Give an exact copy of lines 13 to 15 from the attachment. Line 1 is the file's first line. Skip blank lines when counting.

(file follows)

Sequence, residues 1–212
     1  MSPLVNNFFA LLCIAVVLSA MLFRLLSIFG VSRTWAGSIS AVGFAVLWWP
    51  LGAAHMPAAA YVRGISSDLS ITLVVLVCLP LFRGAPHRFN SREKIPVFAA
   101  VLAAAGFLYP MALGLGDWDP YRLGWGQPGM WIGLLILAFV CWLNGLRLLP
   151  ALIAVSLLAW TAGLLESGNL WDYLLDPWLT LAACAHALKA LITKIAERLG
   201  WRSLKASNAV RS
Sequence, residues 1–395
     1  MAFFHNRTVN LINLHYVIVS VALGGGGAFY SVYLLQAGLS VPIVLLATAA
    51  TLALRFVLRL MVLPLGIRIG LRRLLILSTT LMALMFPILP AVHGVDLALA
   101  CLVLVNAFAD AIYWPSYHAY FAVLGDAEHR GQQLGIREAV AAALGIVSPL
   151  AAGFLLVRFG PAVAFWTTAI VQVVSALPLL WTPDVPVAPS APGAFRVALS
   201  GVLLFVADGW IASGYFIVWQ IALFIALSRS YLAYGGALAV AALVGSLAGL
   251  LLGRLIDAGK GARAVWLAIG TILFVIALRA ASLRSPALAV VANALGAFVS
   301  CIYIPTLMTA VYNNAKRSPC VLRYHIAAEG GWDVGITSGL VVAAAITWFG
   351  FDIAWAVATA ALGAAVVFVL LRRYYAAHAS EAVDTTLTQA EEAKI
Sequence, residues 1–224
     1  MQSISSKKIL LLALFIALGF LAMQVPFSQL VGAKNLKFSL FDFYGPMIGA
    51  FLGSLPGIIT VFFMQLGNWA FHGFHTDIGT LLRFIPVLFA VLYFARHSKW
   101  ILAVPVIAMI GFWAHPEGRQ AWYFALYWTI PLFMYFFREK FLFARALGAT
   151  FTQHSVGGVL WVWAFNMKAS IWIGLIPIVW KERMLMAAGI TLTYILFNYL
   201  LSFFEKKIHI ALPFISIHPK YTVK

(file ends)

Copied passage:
   251  LLGRLIDAGK GARAVWLAIG TILFVIALRA ASLRSPALAV VANALGAFVS
   301  CIYIPTLMTA VYNNAKRSPC VLRYHIAAEG GWDVGITSGL VVAAAITWFG
   351  FDIAWAVATA ALGAAVVFVL LRRYYAAHAS EAVDTTLTQA EEAKI